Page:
The compensation covers remuneration for 81 months, damages for mental agony, unkind words of sexual harassment and for filing a false complaint against the victim.
The woman has asked for a total compensation of Rs 64 lakh of which 24 lakh is her pending salary from April 2014.
In what comes as a significant victory for a woman who was employed at the Loyola College in Chennai, the state Women’s Commission has found merit in her allegations against the institute and has ordered that she be compensated for the trauma endured. The survivor, Catherine* had complained to the commission in November this year that she had faced harassment from the institute after she complained about abuse and harassment from Father Xavier Alphonse SJ, the Director of the Alumni association. The survivor has accused the institute of stonewalling her for almost a decade and had approached the Madras High court.
The Tamil Nadu State Commission for Women, headed by Chairperson Kannegi Packianathan, conducted an inquiry at the institute, based on the allegations submitted by the survivor in November. On December 15, the members of the Commission visited the institute in person, after the current Rector of the Loyola College Society, Francis P Xavier expressed his inability to respond to summons given his old age and the risk to exposure of COVID-19.
What are the allegations against Loyola college?
As a retribution for her actions, the Director then allegedly began harassing her. In her petition to both the Commission and the court, Catherine says that beyond making her shift departments, there was no action taken against the Director. No inquiry was conducted into the matter nor was an internal complaints committee formed to investigate the harassment further.
The survivor had been serving as an Administrator at the Loyola College in Chennai since July 2010 and her duties were related to Loyola Development Office as well as the Alumni Association. She had been required to report to the Director, Loyola Development Office as well as Director, Alumni Association.
While she had reported to Rev Fr Casimir Raj SJ, Director of the Alumni Association at the time of joining in the college, Rev Fr Xavier Alphonse SJ, took over as the Director of the Alumni Association in the year 2012.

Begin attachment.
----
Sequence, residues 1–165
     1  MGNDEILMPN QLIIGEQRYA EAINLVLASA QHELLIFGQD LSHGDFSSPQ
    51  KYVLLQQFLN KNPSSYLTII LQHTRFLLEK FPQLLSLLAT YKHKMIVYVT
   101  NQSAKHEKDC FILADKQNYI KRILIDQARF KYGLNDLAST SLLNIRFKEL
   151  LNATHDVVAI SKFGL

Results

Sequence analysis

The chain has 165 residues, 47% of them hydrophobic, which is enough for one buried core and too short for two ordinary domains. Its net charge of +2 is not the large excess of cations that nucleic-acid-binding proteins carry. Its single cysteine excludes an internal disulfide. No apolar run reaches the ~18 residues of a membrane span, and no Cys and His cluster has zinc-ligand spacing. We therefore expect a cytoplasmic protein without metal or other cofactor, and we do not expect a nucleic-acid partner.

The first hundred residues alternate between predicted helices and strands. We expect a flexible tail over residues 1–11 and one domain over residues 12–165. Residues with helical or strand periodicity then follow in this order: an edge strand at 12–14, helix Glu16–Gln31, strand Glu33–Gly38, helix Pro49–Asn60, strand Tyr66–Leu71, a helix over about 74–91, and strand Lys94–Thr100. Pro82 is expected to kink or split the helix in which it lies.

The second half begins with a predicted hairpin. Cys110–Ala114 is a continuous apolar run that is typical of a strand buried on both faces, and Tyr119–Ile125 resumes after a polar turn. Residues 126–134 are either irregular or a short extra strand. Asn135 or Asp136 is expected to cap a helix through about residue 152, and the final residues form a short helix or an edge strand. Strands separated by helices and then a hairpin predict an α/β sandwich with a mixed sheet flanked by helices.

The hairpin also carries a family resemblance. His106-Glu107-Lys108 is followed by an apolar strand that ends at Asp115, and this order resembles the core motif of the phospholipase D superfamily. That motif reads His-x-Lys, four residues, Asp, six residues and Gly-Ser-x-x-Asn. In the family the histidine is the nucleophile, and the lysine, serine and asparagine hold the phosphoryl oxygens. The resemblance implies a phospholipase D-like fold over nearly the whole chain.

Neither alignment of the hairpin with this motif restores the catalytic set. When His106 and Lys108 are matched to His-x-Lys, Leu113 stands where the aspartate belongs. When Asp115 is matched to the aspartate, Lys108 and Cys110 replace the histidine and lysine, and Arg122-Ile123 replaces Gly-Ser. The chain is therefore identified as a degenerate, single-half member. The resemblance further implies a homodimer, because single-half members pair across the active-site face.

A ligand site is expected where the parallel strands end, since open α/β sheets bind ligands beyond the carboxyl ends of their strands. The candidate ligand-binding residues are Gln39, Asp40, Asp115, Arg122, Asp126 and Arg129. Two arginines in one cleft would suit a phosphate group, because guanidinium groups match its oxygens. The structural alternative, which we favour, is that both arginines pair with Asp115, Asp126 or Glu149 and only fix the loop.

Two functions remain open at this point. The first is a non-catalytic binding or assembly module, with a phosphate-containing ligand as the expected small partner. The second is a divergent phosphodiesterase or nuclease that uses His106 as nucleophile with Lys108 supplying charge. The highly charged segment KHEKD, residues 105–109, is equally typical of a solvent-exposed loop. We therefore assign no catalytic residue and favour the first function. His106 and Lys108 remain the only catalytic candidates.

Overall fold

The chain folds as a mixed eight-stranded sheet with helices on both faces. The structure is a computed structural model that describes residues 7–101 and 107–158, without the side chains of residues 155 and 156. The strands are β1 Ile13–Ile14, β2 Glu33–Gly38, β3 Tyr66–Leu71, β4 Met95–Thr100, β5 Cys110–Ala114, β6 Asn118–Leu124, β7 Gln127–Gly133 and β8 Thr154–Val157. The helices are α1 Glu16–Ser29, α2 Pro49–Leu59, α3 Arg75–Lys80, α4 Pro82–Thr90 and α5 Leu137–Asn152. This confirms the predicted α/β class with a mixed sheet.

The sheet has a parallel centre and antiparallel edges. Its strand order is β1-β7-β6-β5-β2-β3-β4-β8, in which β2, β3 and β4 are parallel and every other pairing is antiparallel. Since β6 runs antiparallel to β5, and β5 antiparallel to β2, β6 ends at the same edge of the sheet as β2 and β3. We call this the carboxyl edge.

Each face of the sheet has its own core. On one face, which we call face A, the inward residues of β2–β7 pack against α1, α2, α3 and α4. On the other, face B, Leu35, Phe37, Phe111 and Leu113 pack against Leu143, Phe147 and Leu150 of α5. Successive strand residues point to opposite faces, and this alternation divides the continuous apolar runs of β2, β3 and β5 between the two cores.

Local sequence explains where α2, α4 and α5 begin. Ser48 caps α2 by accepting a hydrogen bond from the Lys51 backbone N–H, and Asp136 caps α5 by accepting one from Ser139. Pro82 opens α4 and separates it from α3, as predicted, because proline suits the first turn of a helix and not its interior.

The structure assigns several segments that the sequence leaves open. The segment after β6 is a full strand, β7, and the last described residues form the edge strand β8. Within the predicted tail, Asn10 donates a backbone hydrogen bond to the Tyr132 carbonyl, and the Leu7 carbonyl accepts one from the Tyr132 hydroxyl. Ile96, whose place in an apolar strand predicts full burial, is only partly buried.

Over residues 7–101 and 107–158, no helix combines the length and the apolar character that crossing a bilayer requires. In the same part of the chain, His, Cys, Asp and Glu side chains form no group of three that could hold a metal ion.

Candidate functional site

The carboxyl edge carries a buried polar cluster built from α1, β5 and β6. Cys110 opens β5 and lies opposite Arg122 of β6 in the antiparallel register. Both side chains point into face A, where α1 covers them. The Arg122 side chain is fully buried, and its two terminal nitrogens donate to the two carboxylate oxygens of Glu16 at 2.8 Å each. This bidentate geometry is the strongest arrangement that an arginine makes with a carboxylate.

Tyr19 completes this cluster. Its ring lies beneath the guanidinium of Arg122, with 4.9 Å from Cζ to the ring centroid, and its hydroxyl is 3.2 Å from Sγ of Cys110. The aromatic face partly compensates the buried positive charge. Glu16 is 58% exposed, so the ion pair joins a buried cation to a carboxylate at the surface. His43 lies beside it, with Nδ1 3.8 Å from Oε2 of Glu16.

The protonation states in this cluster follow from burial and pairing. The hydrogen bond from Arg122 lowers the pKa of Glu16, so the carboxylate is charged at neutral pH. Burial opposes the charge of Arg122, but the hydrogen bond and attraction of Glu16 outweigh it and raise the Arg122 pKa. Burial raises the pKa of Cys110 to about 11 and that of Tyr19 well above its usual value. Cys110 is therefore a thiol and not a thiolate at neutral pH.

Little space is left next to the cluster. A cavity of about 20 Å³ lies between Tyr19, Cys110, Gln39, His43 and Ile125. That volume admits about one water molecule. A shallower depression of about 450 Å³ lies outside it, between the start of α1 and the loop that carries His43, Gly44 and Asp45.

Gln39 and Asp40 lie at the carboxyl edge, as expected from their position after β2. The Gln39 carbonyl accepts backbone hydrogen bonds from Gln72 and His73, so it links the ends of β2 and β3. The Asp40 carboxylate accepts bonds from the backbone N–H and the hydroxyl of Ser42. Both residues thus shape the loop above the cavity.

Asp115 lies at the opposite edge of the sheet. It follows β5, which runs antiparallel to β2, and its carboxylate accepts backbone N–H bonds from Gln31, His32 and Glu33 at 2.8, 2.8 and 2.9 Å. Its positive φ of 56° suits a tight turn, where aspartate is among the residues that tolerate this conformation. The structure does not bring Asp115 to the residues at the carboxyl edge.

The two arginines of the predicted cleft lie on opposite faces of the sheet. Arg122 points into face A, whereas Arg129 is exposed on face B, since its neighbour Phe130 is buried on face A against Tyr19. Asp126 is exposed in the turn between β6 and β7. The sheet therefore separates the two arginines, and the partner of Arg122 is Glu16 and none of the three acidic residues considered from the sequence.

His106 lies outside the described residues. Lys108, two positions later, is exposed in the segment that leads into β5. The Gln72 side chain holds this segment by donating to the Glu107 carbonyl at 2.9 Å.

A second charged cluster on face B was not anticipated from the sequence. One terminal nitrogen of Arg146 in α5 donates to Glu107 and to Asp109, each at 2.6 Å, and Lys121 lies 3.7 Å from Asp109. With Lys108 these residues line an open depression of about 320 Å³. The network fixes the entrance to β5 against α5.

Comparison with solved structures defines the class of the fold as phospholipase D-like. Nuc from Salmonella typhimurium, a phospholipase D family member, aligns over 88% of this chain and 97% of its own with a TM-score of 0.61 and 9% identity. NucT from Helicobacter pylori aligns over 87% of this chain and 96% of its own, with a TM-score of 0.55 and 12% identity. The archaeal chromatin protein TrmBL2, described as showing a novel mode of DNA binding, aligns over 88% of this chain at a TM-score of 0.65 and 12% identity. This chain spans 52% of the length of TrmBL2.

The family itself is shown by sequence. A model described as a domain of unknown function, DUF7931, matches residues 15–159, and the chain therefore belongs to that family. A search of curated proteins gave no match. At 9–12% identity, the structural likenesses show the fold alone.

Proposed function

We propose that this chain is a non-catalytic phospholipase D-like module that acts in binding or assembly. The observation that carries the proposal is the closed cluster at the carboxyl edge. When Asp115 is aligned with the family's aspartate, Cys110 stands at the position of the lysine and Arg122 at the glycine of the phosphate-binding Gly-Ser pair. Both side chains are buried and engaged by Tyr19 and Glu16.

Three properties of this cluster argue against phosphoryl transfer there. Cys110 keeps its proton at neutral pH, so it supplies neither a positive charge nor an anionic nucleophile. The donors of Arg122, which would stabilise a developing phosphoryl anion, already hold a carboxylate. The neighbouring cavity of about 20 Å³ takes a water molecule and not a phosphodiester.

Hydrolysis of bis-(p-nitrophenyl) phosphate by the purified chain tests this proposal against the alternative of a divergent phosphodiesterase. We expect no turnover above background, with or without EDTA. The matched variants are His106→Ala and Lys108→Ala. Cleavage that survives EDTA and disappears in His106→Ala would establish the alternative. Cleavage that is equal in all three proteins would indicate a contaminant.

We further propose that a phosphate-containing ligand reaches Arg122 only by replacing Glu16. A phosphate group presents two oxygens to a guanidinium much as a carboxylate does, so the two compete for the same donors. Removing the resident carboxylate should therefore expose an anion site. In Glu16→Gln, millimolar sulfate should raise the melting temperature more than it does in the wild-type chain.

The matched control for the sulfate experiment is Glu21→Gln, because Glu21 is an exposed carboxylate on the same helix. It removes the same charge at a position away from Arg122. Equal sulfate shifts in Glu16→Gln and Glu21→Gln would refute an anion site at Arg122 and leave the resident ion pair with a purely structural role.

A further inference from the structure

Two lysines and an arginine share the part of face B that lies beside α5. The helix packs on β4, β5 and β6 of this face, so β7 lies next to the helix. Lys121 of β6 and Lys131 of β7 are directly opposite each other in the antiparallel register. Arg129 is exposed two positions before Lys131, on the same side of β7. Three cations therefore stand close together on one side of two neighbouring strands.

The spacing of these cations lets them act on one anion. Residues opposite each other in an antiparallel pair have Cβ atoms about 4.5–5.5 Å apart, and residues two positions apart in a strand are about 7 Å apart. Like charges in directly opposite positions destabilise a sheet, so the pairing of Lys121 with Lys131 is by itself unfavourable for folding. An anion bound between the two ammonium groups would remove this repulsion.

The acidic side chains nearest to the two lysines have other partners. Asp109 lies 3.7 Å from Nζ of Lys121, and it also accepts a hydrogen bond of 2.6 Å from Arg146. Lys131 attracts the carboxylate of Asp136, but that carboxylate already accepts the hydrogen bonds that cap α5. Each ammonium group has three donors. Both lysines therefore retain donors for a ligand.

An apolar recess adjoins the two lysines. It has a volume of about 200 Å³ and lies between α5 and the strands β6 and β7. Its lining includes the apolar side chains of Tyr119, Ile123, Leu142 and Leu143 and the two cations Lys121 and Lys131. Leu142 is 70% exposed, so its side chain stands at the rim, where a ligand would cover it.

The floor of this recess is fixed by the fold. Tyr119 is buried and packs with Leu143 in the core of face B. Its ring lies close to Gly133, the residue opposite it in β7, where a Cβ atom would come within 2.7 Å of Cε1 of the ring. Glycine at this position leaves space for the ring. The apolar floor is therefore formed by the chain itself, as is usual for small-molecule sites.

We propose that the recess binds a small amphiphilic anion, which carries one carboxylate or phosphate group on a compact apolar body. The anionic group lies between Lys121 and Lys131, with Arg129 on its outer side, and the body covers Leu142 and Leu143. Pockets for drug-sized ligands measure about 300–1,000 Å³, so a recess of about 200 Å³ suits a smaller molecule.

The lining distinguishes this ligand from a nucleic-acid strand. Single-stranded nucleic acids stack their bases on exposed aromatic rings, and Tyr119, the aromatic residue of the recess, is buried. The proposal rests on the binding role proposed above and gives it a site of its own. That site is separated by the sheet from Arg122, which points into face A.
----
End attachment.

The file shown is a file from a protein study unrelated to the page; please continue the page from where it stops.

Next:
Six months into Xavier Alphonse’s tenure, she had noticed certain wrongdoings and had questioned the dubious methods used by him, to siphon about Rs 1 crore lying in the corpus of the Loyola Alumni Association into his personal trust. It is alleged that he also misused the Scholarship scheme provided for by the management by awarding scholarships to ineligible candidates.
On e-mailing her allegations to the Loyola management in August 2013, they had curtailed the financial powers of Alphonse. The management also directed that all payments towards the Alumni Association shall be done only under the endorsement of the campus treasurer of the College. The Principal had even replied, acknowledging the complaint mail on the same day.
Following this, the survivor states in her affidavit that Rev Fr Xavier Alphonse started harassing and abusing her at every possible instance and sometimes behaved in a manner unbecoming of a reverend priest.
“In fact, Alphonse attempted to even create a rift in my family. I brought these matters to the notice of the management of the Loyola College who would then try to pacify me, but failed to take any meaningful action and were indirectly shielding the nefarious activities of Xavier Alphonse,” the petition reads.
In the months thereafter, Mary alleges rampant corruption by Alphonse while handling the payments received while conducting a fundraising event organized by the College Alumni association. The event Star Nite (Kalloori Padhai), which saw many celebrities in attendance, was meant to raise funds for a new Commerce Block in the campus.